I beg to acknowledge my indebtedness to M. Joanne's 'Pyrenees' and
Mr. Black's 'Summer Resorts;' and I have also great pleasure in
thanking Miss Blunt for her sketches, and my friend Mr. A. H. Crow,
F.R.G.S., for his kindly assistance in correcting inaccuracies. As,
however, it is extremely difficult to completely avoid them, I
shall feel obliged for the notification of any others that may
happen to exist.

E. E. B.


Considering the number of English and Americans who yearly visit
Switzerland and the Riviera, it is astonishing that so few,
comparatively, ever think of approaching nearer to the Pyrenees
than Pau. And it is more astonishing still, that those who have
been enabled to enjoy the beauty of these mountains from the Place
Royale at Pau, should ever think of leaving their vicinity without
a more intimate acquaintance with them.

It may be, that since the various resorts have gained celebrity for
the healing powers of their waters, healthy travellers are of
opinion that they will be surrounded by a crowd of sickly
individuals, whose very appearance will spoil all the pleasure that
they might otherwise experience. That this _might be_ the case _in
the season_, at a few spas, is not to be denied, but _in spring_
not an invalid of that kind is to be met with, and the bathing
establishments have no customers; but the scenery is everywhere at
its best. Dr. Madden writes: "The attractions of the Pyrenees are
not, however, confined to the invalid traveller, but even for the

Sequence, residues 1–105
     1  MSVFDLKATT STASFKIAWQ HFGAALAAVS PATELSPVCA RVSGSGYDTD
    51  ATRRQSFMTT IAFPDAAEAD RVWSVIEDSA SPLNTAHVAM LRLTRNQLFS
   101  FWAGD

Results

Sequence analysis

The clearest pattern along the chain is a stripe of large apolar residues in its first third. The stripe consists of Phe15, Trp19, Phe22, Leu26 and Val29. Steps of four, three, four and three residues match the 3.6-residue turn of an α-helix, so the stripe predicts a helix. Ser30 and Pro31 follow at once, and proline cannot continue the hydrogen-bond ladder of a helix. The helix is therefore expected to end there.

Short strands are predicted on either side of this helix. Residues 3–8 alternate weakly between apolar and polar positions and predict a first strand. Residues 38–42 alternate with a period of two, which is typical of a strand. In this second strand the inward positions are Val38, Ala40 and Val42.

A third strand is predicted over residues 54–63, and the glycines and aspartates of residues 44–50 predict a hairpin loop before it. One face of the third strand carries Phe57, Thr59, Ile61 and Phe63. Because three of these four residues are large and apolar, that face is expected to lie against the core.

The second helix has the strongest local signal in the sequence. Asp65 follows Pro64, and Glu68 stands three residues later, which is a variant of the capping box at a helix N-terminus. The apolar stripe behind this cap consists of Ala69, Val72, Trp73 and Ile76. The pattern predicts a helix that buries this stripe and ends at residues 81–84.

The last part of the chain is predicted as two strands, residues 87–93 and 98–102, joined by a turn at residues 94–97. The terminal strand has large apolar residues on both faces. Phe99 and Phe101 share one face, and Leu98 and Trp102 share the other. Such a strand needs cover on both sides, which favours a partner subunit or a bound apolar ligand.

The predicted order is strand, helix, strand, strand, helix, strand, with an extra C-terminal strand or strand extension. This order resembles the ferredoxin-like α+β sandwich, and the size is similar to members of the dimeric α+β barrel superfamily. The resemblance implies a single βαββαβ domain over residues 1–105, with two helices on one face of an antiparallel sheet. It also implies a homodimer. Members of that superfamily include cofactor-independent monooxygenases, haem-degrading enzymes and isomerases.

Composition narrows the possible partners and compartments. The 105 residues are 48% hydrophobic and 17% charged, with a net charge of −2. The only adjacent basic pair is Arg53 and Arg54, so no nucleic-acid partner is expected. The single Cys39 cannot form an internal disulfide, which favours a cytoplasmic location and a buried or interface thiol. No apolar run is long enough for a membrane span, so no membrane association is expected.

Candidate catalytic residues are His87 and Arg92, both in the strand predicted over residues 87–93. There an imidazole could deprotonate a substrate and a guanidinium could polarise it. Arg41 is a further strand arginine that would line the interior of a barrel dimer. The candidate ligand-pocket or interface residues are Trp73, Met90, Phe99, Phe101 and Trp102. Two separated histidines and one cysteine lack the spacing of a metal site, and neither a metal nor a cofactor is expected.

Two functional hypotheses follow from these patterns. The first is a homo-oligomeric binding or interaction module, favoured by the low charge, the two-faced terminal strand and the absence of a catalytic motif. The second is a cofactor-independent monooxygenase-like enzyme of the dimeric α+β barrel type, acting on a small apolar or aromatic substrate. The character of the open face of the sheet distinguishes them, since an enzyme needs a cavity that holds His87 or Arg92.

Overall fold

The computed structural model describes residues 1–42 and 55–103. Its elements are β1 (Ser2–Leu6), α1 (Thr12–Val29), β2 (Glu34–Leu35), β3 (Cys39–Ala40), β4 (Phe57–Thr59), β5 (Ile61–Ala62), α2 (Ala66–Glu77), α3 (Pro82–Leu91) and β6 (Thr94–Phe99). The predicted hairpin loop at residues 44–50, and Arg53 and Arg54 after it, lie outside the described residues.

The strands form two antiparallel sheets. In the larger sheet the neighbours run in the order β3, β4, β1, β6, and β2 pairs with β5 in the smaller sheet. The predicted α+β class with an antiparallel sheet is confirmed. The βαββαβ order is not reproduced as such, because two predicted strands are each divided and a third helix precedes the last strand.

pleasure tourist offer inducements for a pedestrian excursion in
some respects superior to any in Switzerland;" and there can be no
doubt that they have a beauty of their own quite distinct from the
grandeur of the Alps, and yet equally as wonderful in its style.

Extending for nearly 300 miles from the foaming billows of the
Biscay to the azure waters of the Mediterranean, they form a huge
barrier "'twixt France and Spain"; gaining their name of Pyrenees
from the words "Pic Neres," which in the _patois_ of the country
signifies "black peaks!" That this title is a misnomer for all but
three months of the year--viz., from July to October--must be
already a well-known fact; for who would call them "black" when
clothed in their garments of snow?

The highest summits are in the Maladetta group, and the Pic Nethou
(11,170 ft.) is the highest of all; while the average height of
this magnificent range of mountains is between five and six
thousand feet.

Luxurious valleys branch out in all directions, fed by the mountain
streams, and among the central heights the wonderful natural
amphitheatres known as Cirques stand in majestic solitude. The
Cirque of Gavarnie--the best known--possesses on a bright day in
spring such a charm, in its snowy imperial splendour, as the Alps
would fail to surpass. In scenes where a lake adds such wonderful
effect, Switzerland is quite supreme; we know of no view in the
Pyrenees, of a comparable nature, that could pretend to vie with
the harmonious loveliness of the panorama that can be seen at
sunset from Montreux across Lac Leman, when the water is rippleless
and the mountains are bathed in a rosy flood. But for all that, in
other ways--in flower-clothed slopes, in luxurious valleys, in
winding rivers and foaming cascades--the Pyrenees present pictures
that, with the freshness of springtime to aid them, cannot fail to
delight and charm.

Four roads cross the Pyrenees from France to Spain: the Route
Nationale, from Paris to Madrid _via_ Bayonne; the Route
Departementale, from Bayonne to Pampeluna _via_ the Col d'Urdax; the
Route Nationale, from Perpignan to Barcelona _via_ Gerona; and the
route from Pau to Jaca _via_ Oloron. There are other ways of entering
Spain by the Cols (passes), but over these a horse track is the
broadest path.

The principal bathing resorts on the French side are connected by
the splendid Route Thermale, which extends for 70 miles; but, owing
to its exposed position in some parts, especially between Eaux
Bonnes and Argeles, and Bareges and Ste. Marie, it is only wholly
open three or four months in the year!

Of the mineral springs it is sufficient to state here that, within
the same extent of country, no other part of Europe can present